Mysore AshtangaTaught by Dean Hollingsworth, KPJAYI Authorized teacher The Ashtanga Yoga method is built around the ‘Mysore Style’ class, so named because yoga was taught this way by Shri K. Pattabhi Jois, in Mysore, India, and continues to be taught this way in traditional Ashtanga Yoga schools around the world. In Mysore Class, the student is taught a sequence of postures through one-on-one instruction. The correct movements, breathing, and other aspects of the practice are learned gradually, in a step-by-step process accessible to anyone. This method allows each student time to practice and memorize what they have learned before adding more. Students are able to practice independently and at their own pace while surrounded by the energy and inspiration of other students in the room. The main teacher and assistants are able to work with each student individually. Initially, students may require more attention, but as they become proficient in their practice, they are allowed more independence, receiving adjustments and assistance only when required.Observing a Mysore ClassWhen starting an Ashtanga Yoga practice, it is recommended that one commence in a Mysore Class from the very beginning. The best way to answer any questions about the Mysore practice and how it works is to come and observe a class for half an hour or so. Most questions are answered by observing the class, and then anything unanswered can be discussed with the teacher. All our teachers have learned Ashtanga Yoga using this method and we have great faith in the results gained from its proper practice.Your First Mysore PracticeIn your first class you will learn the basic techniques for breathing and movement – what we often call ‘vinyāsa’ – and guided through the opening and closing sequences of the Ashtanga Yoga practice. Your first practice may only be 15 to 20 minutes long. It is important not to learn too much in the beginning as this method relies on memorization and becoming proficient in what has been taught before progressing further. This approach also allows you time to adjust to a new daily routine. In subsequent classes, new postures will be added to what was learned. Thus, over time, the length of your practice will gradually increase according to your ability.Why Begin with Such a Short Practice?In order to establish a stable foundation in both the body and the mind, the Ashtanga sequence should be learned gradually and increased slowly over time while paying close attention to breathing, posture, movement, and gazing. Learning gradually allows time to adjust as you develop more strength, flexibility, and familiarity with the practice. Doing too much too quickly brings the risk of injury and imbalance to the body, and in general is not sustainable as a daily practice. For that reason, students are taught little-by-little and at a rate appropriate for each person individually.How Many Days a Week Should You Practice?Ideally, practicing five to six days per week is recommended, even at the beginning, taking only one or two days off per week to allow the body to rest (traditionally, women rest for 3 days during menstruation). If possible, your practice should be at the same time every day. You will appreciate the routine and respond better to the practice. Although you may find that you are a little sore in the beginning, the regularity of a daily practice removes the soreness in the muscles and invigorates the body each day. If a daily commitment to the practice is not possible, many benefits can still be found.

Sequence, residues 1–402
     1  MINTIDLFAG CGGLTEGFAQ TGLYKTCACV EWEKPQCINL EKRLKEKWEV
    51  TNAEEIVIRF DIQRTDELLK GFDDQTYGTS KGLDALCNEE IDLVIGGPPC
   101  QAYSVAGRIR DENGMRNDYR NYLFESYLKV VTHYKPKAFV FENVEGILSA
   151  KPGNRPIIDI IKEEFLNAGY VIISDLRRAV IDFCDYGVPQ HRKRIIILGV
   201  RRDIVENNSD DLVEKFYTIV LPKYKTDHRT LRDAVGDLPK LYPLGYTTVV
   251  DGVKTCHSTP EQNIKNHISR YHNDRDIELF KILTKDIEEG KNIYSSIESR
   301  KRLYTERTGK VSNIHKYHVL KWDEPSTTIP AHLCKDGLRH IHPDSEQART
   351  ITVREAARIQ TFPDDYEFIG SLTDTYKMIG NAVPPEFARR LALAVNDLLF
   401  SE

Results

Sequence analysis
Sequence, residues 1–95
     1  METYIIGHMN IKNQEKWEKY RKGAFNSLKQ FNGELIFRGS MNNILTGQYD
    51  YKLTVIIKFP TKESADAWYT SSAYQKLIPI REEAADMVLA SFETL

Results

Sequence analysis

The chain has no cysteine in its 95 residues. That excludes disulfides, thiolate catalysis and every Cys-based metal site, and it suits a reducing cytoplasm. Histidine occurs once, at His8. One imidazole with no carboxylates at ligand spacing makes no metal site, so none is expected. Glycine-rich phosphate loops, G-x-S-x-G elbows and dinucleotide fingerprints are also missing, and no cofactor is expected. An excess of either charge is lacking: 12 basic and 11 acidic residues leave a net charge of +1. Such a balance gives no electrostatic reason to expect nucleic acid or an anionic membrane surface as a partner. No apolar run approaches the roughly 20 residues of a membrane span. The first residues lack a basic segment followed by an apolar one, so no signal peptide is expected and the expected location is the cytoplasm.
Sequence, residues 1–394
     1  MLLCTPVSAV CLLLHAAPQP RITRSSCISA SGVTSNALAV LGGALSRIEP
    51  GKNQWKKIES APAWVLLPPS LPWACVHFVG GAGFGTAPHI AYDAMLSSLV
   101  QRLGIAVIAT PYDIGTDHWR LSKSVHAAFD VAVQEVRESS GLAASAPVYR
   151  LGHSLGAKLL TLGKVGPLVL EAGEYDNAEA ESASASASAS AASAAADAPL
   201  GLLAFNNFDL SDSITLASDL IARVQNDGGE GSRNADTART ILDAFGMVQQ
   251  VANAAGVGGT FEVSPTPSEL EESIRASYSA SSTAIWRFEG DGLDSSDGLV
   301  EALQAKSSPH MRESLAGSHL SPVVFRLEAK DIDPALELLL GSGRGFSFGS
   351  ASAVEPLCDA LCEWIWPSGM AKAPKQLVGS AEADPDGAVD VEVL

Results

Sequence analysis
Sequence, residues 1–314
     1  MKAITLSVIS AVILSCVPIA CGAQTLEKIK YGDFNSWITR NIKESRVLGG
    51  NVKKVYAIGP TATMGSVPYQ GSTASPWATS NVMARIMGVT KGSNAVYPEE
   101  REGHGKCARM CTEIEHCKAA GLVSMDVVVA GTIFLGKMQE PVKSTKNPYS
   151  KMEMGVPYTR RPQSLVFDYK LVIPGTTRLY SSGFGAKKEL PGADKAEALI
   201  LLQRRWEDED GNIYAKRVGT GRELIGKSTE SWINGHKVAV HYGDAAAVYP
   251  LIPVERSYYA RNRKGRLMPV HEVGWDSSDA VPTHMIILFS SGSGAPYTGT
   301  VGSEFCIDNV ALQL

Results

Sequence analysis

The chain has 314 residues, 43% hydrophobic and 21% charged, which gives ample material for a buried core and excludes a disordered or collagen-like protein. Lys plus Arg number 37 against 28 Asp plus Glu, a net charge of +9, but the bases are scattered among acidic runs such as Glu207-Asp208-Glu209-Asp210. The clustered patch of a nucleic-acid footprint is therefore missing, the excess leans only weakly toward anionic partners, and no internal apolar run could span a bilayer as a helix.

Please come to practice as you are able.